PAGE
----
7 Sci-Fi Novels Every Slytherin Will Love

Much like Slytherins, the genre of science fiction often gets an unfair reputation. Yes, sure, there's the occasional silly story about laser guns and aliens with knobbly foreheads—but there are also plenty of fascinating, psychologically intense sci-fi novels for Slytherins to enjoy.

Unlike Gryffindor, Ravenclaw, and Hufflepuff, we don't get to know too many redeeming Slytherins in the Harry Potter books (sit down, Snape apologists). Our main exposure to Slytherin is through Draco Malfoy and his unsavory crew. But that doesn't mean that all Slytherins are sniveling little rich boys. If you consider yourself to be resourceful, cunning, and endlessly ambitious, you might just belong to the house of Salazar Slytherin. Witches and wizards from Slytherin are all about getting ahead in life... by any means necessary. They'd always rather trick their enemies then have it out on the battlefield. They know who their true friends are. And they make for ideal sci-fi readers.

Science fiction is all about creative thinking, after all. The best sci-fi stories aren't just straight forward alien battles: they have levels. Twists. Plenty of moral gray areas. Slytherins may find themselves surprisingly captivated by some of these strange, and occasionally sinister, sci-fi novels:

1. The Man in the High Castle by Philip K. Dick

If you've been wondering what that new Amazon show is all about, then you should go straight to the source and read The Man in the High Castle. It's set in 1962, in America, in a reality where the United States is occupied by Nazi Germany. It's a dark, twisted vision of a world that could have been, with a plot full of hairpin turns. Any Slytherin will love the resourceful characters and the intense political intrigue.

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2. The Book of Phoenix by Nnedi Okorafor

One uniquely talented individual without a fully formed sense of morality? Sounds like a Slytherin to me. The Book of Phoenix is set sometime in the future, in both North America and Africa, in a world where super-powered people can be genetically engineered. One so-called "experiment," however, grows disillusioned with her life of captivity, and sets out to escape. Of course, her freedom might just alter the course of human history (how's that for ambitious?).

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3. Ender's Game by Orson Scott Card

Charging into battle might be more of a Gryffindor thing. But kidnapping strategically brilliant children and forcing them to come up with military tactics? That's a pretty Slytherin move. Ender's Game is set in a bleak future, where humanity is at war with a far superior alien race. The Earth's only chance at survival is to train genius children like Ender through a series of war games, until one of them emerges as the general who can save the human race.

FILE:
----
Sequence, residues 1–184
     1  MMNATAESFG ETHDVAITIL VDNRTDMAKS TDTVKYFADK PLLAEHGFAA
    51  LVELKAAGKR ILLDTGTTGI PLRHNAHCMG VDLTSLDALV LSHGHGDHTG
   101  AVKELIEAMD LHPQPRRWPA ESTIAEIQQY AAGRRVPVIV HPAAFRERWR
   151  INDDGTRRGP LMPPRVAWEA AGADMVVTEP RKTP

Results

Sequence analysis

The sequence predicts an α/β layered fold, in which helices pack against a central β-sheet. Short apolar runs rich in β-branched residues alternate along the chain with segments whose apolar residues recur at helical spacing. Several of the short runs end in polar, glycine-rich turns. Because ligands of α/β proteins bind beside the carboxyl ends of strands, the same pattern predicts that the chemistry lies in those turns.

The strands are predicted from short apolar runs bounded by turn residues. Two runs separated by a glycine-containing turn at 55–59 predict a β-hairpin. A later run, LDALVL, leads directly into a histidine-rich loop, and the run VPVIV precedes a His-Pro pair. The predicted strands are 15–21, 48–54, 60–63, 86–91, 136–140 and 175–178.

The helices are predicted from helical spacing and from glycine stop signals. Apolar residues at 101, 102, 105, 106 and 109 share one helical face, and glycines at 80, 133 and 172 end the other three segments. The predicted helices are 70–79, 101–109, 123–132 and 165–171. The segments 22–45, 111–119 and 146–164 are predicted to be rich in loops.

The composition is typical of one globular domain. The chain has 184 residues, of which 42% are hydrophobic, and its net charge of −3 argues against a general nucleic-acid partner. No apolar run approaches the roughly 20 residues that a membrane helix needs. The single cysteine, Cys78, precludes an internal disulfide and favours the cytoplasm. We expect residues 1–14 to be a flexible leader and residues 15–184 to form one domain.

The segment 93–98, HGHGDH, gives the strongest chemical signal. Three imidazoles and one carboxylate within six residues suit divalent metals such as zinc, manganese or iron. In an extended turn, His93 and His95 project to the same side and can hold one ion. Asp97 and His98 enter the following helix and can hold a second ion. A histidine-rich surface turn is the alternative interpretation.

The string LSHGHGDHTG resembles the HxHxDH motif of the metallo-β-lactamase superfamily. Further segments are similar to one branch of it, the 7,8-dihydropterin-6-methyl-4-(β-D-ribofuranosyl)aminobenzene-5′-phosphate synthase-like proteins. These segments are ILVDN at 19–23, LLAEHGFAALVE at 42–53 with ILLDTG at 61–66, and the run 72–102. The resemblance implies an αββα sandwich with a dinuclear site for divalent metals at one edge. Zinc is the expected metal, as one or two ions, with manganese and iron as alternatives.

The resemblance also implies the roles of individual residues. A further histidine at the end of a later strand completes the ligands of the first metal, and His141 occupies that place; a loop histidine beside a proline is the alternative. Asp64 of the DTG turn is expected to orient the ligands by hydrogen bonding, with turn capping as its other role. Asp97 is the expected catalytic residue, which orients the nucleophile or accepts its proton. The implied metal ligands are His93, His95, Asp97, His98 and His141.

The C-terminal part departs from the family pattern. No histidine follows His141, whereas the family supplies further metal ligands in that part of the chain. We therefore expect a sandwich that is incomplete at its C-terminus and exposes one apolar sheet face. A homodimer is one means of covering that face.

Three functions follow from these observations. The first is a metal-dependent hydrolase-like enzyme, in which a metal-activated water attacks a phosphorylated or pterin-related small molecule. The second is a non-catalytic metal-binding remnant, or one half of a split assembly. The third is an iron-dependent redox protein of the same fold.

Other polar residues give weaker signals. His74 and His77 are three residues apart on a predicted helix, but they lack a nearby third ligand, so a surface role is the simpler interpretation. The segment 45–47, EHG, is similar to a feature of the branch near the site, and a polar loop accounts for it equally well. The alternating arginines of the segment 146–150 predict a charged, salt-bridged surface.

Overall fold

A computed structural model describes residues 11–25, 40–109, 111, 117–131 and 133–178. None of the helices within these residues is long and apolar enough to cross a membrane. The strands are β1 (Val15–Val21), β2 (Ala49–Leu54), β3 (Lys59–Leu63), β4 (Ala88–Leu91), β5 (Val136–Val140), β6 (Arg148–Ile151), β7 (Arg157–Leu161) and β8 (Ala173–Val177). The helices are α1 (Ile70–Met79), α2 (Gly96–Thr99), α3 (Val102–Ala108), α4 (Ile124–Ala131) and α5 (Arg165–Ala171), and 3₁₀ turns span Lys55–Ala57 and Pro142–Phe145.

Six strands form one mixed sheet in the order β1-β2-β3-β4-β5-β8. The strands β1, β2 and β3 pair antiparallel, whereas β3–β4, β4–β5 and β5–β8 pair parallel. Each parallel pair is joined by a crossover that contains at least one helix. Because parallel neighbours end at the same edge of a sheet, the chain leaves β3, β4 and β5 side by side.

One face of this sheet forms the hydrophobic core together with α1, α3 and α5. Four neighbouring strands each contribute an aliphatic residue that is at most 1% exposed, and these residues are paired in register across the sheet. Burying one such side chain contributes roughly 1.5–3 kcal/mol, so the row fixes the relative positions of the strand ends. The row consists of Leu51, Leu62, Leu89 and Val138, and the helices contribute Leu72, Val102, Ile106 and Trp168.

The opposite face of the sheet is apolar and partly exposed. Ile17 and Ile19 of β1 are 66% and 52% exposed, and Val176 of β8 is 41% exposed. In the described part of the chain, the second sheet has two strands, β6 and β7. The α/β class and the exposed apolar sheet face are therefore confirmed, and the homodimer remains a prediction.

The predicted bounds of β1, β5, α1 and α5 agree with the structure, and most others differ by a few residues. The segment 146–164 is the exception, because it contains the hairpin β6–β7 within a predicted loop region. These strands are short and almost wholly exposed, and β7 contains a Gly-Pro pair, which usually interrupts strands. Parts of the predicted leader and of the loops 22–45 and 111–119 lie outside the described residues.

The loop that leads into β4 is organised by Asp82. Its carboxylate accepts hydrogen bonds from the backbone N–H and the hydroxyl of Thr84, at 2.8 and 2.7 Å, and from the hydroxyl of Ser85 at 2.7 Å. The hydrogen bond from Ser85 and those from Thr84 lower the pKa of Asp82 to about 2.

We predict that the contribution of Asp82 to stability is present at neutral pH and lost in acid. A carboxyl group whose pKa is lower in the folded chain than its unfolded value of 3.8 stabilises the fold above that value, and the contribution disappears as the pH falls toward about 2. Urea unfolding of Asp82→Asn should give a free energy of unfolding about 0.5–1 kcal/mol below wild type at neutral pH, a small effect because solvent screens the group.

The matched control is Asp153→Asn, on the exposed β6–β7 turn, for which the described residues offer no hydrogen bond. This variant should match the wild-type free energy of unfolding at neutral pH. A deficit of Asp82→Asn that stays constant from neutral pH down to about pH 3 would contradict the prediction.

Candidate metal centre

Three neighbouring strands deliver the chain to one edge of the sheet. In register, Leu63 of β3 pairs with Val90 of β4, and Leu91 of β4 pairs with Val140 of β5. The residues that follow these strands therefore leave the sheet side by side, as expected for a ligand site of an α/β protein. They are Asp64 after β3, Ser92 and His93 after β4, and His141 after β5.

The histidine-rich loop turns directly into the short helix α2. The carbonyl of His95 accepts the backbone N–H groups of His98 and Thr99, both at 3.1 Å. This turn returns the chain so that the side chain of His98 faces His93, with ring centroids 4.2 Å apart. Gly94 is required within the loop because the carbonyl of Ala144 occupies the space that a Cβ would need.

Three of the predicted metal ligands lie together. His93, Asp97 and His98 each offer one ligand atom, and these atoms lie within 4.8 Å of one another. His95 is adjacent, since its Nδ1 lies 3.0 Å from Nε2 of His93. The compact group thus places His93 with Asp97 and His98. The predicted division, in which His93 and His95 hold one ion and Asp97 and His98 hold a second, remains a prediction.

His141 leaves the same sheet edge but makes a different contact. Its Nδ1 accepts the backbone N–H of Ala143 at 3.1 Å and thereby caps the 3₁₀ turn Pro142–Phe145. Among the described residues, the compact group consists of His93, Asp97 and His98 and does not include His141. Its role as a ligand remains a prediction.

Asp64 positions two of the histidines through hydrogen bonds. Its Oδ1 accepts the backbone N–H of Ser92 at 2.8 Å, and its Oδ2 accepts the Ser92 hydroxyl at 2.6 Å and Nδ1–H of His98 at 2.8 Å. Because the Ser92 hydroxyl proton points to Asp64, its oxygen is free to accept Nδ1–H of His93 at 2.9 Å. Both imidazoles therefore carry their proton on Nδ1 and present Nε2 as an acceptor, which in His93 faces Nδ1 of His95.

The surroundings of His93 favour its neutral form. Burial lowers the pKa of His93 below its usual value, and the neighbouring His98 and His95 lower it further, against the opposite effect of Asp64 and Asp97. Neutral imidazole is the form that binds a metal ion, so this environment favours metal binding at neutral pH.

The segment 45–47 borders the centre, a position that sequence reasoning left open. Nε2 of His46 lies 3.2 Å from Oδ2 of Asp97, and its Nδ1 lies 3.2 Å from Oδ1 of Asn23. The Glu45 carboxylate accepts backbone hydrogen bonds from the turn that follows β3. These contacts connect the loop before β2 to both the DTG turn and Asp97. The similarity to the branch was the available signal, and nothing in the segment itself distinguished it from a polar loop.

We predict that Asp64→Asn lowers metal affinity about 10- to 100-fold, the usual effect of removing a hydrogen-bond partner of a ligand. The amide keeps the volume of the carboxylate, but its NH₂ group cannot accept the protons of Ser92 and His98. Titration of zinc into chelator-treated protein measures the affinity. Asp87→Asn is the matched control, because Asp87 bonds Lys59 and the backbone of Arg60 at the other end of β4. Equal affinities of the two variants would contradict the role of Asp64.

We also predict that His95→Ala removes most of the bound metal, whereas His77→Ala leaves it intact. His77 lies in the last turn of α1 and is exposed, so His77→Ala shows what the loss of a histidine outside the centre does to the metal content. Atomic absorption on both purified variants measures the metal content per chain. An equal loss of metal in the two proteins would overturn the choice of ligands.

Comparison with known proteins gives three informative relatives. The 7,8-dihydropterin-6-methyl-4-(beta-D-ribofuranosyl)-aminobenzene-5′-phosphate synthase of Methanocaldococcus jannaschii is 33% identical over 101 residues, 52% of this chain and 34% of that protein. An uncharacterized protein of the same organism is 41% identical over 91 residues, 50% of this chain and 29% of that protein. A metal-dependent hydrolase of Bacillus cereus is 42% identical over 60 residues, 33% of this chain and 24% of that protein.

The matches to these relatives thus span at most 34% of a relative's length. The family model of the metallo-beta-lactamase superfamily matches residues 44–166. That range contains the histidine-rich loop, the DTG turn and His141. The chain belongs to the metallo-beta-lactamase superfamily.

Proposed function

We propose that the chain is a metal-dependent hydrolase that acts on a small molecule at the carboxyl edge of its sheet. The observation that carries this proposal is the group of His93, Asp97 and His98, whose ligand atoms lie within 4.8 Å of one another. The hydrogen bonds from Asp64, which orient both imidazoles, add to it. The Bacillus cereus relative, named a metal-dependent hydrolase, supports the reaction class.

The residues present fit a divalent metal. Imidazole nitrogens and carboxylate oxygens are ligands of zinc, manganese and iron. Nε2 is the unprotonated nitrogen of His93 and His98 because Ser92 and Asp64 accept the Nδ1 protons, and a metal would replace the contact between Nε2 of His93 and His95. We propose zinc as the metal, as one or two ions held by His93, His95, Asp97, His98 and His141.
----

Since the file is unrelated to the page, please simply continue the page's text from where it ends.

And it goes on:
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4. The Martian by Andy Weir

What would a Slytherin do if left alone on Mars? Survive. When Mark Watney finds himself stranded on Mars, he relies on his own ingenuity to stay alive. Slytherins aren't all blind ambition, after all: they're also about using whatever's at hand to achieve their goals. And so all Slytherins will appreciate a sci-fi book about one man's resourcefulness in the face of insurmountable odds (and his gallows sense of humor doesn't hurt either).

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5. The Stars My Destination by Alfred Bester

What Slytherin doesn't love a good tale of vengeance? The Stars My Destination is a futuristic retelling of The Count of Monte Cristo, so Slytherins won't be surprised to learn that it's full of revenge. It's also full of people who can jump through thousands of miles in mere seconds and radioactive hit men. For the Slytherin who likes bitter protagonists and classic literature, this is the book to read.

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6. Cat's Cradle by Kurt Vonnegut

Dead-pan humor. Apocalyptic danger. A religion that's all about feet. Cat's Cradle is a strange, bitterly ironic novel that has enough dark comedy and wit to hold the attention of any Slytherin reader. Slytherins will enjoy the level of trickery involved, while still hoping that the characters manage to avoid bringing about Armageddon. Is Vonnegut's vision of humanity a little on the pessimistic side? Sure, but his end-of-the-world tragedy is so hilariously bleak that you can't help but laugh.

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7. The Golden Compass by Philip Pullman

Very few science fiction and fantasy books celebrate liars as much as The Golden Compass. Lyra, along with her daemon Pan, might be brave and intelligent. But her real skill is a very Slytherin aptitude for deception. Plus, the underlying themes of complicated morality and questionable authority are awfully Slytherin as well. And, on top of all that, The Golden Compass is just a brilliantly written novel, with a very real, very tricky little girl at its center.

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Images: Warner Bros.